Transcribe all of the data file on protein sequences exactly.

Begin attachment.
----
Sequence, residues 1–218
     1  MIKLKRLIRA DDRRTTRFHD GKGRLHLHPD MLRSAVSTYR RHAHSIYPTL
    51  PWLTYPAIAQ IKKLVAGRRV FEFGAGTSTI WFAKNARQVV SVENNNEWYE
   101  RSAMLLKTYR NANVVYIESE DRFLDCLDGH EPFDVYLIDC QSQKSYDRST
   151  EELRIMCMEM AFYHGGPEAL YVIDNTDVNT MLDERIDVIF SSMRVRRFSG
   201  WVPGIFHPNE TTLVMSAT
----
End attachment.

Sequence, residues 1–218
     1  MIKLKRLIRA DDRRTTRFHD GKGRLHLHPD MLRSAVSTYR RHAHSIYPTL
    51  PWLTYPAIAQ IKKLVAGRRV FEFGAGTSTI WFAKNARQVV SVENNNEWYE
   101  RSAMLLKTYR NANVVYIESE DRFLDCLDGH EPFDVYLIDC QSQKSYDRST
   151  EELRIMCMEM AFYHGGPEAL YVIDNTDVNT MLDERIDVIF SSMRVRRFSG
   201  WVPGIFHPNE TTLVMSAT